In the case of Timken's bearings division, I believe that there is a higher chance that this division will be able to satisfy this larger debt requirement in contrast to the steel division which, while niche, is vulnerable to the broader vicissitudes of the price of steel and a higher cost of capital given the heavy infrastructure investments required.
Once debt levels normalize in the bearings division, something which I believe is very likely, investors will have the opportunity to have this excess cash returned to them through share repurchases or increased dividends. I believe that these outcomes are both logical and beneficial given the management's assessment of the slower rate of growth and global demand uncertainty going forward.
Before or After? One or the Other?
Given the fact that the price of the Timken company has declined significantly from its 52-week high after the spin-off announcement, I believe that investors are well situated to initiate a fractional position in the company in the current market and then to purchase more shares after the event occurs.
If I had to pick between these new companies, I believe that the steel division is attractive for several reasons - particularly due to the fact that it has been implied that some of its debt load will be transferred to the bearings division and the fact that the company focuses on making purpose-built high quality steel products for an established portfolio of consumers in addition to having fully funded pensions. I also believe that as more details become clear, the price of this company is likely to decline due to its small size relative to its parent.
Over a longer time horizon, I believe that investors are also well served to monitor the bearings division, particularly when its debt levels normalize given the fact that the company has revised its outlook about the potential for future growth, making it very likely for the company to return excess cash to shareholders through increased dividends and share repurchases.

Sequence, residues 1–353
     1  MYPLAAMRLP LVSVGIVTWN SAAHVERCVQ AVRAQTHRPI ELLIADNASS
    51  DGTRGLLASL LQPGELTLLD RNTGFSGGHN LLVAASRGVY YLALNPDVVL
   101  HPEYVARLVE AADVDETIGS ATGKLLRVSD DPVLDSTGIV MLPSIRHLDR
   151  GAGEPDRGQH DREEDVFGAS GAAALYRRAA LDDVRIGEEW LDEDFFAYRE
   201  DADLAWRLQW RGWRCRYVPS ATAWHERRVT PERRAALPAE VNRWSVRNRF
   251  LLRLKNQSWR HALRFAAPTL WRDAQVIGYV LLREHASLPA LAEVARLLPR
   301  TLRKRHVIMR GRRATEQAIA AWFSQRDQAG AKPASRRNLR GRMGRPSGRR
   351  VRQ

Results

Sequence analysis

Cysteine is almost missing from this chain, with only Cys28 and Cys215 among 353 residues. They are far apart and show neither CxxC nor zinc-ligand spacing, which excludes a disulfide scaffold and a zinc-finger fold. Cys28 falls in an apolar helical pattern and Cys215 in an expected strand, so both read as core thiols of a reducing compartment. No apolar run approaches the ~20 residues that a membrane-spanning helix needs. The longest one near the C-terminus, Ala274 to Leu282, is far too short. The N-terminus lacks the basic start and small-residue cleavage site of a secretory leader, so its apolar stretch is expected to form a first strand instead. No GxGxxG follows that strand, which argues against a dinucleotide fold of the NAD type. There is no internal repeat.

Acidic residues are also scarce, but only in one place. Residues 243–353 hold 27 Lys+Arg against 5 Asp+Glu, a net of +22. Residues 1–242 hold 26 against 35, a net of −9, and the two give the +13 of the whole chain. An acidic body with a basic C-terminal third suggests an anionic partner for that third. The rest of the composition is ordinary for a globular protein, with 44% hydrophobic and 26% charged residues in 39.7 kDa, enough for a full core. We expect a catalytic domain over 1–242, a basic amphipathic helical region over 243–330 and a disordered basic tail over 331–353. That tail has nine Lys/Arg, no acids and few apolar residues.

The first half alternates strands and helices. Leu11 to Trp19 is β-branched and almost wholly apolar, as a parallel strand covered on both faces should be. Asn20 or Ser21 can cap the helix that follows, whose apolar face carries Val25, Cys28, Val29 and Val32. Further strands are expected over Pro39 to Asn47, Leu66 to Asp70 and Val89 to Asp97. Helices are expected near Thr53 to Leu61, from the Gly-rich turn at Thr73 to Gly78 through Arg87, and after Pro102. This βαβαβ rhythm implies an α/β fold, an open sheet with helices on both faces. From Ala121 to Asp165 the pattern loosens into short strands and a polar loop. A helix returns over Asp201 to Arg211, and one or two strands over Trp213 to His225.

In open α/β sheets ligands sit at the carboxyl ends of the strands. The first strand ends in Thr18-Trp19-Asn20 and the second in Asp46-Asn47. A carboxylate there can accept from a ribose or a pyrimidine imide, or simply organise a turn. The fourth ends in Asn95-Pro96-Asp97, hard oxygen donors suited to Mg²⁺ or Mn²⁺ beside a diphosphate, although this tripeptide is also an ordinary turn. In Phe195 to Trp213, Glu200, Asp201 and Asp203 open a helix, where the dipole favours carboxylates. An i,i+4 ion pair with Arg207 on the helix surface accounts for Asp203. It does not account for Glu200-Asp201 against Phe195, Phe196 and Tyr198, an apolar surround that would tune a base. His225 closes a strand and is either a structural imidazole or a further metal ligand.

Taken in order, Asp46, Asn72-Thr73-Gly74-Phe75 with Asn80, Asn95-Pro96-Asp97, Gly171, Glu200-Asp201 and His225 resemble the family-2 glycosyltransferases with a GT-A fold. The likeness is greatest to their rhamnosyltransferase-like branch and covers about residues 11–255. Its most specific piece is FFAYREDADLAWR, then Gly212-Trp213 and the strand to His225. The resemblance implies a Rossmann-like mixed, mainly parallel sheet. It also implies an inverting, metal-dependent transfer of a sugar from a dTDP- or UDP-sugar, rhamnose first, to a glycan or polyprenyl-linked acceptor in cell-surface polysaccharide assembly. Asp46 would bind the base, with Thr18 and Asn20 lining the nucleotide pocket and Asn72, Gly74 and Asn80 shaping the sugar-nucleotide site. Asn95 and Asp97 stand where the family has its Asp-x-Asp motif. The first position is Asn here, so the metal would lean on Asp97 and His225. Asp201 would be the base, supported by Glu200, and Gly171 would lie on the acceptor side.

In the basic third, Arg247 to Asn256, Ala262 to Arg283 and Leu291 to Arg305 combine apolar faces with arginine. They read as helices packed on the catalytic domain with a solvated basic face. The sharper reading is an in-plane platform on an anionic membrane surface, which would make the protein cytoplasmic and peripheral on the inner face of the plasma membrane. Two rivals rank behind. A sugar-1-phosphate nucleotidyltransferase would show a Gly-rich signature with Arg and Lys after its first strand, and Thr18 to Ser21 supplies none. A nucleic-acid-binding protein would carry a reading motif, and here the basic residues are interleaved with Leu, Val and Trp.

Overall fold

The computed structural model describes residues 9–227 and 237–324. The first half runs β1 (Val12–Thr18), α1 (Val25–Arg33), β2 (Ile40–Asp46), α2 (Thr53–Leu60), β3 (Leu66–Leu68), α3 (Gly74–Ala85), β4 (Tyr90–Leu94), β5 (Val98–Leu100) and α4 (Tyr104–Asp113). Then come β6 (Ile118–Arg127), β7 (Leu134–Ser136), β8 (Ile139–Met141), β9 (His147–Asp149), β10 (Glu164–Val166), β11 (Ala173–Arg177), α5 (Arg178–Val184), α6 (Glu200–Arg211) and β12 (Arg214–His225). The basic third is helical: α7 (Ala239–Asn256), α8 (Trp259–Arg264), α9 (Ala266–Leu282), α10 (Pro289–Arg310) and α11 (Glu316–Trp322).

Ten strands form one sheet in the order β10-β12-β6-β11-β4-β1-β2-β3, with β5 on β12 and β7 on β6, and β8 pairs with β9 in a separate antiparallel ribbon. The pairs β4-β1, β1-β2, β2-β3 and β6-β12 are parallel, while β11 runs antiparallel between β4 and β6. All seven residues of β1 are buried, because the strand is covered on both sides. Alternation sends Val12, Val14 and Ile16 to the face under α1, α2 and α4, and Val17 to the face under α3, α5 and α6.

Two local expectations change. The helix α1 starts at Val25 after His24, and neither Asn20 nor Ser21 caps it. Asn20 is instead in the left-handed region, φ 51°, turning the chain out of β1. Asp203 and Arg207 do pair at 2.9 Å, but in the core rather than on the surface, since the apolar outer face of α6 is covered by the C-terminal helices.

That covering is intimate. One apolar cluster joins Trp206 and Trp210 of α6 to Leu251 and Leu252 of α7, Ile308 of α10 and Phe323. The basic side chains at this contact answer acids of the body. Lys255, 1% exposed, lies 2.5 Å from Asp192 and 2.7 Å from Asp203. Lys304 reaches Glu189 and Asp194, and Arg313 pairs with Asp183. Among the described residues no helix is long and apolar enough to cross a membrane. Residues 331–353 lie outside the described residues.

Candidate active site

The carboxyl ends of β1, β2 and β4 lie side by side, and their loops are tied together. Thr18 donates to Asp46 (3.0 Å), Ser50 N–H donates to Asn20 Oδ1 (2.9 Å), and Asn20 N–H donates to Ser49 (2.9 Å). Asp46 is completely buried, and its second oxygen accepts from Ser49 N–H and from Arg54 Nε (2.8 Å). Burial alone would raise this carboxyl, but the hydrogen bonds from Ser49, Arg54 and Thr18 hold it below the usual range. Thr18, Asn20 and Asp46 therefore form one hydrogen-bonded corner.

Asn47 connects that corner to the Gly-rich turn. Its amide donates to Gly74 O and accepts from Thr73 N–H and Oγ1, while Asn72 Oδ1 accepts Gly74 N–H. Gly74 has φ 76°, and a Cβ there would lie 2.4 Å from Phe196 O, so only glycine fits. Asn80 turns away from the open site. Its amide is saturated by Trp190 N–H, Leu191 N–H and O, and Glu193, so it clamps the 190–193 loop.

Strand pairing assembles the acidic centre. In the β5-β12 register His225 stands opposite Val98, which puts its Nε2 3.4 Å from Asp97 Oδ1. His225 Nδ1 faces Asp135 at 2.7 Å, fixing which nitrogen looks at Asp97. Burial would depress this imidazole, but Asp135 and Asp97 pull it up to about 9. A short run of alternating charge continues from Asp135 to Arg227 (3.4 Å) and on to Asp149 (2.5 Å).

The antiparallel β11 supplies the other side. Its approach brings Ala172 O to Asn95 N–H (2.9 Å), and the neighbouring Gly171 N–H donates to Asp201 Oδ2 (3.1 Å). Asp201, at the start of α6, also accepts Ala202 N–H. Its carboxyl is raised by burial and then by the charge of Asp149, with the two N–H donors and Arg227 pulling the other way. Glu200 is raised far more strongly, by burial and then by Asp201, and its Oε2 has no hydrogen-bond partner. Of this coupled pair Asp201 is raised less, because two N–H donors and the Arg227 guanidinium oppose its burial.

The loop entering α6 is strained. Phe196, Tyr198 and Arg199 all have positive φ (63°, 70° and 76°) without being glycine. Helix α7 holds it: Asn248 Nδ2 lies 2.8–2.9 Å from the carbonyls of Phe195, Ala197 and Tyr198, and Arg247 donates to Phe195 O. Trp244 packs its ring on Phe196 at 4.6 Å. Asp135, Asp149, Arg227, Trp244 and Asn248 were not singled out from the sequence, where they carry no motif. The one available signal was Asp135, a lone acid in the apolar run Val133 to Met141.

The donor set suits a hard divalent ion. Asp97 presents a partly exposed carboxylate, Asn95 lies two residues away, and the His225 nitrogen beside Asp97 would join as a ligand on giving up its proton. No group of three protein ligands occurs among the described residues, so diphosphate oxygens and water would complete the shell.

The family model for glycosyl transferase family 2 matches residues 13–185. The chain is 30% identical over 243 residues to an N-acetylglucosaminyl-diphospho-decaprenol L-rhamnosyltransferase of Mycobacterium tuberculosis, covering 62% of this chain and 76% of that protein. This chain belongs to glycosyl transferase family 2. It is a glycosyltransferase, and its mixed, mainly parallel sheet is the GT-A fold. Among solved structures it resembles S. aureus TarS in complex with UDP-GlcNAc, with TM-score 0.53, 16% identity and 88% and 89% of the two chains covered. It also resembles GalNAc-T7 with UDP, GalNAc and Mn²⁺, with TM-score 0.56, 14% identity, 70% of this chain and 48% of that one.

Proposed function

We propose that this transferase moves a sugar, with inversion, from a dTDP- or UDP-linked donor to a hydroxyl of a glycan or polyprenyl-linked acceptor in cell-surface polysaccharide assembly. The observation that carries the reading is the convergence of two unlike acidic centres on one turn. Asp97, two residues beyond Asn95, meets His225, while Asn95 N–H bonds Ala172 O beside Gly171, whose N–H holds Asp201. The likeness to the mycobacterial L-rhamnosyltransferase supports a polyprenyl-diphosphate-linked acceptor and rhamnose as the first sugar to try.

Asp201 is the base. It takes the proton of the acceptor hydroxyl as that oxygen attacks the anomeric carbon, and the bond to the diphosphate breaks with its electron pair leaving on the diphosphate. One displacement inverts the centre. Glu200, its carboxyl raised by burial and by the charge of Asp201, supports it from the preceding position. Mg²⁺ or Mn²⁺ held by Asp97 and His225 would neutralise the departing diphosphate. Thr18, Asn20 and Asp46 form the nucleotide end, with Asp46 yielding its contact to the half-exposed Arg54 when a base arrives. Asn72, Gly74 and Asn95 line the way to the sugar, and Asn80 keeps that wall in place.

When examining the current corporate entity, the management has repurchased 1.8 million shares this year and is authorized to repurchase an additional 5.7 million under the current buyback program. While I believe that this program will not persist in its current form in the aftermath of the spin-off, the company's relatively low debt, ample cash holdings, low payout ratio, and free cash flow indicate to me that there is a significant chance of future programs being implemented after a period of restructuring and debt normalization.
I believe that The Timken Company deserves a place on investors' watch lists going forward due to the significant declines in share price and the potential value to be unlocked through a separation of the company's assets.
In addition, after the company spins its steel business off, I believe that entity will experience significant selling pressure in the near term - potentially increasing the potential value to be had in that newly independent segment of the company and opening up short-term opportunities.
If the shares of Timken are further battered before the separation occurs, I will be an active buyer of the parent company, particularly if its shares decline to twice book value (approximately $49 per share) and will remain very interested in the shares of the steel company post spin-off and the bearings division over a longer time horizon.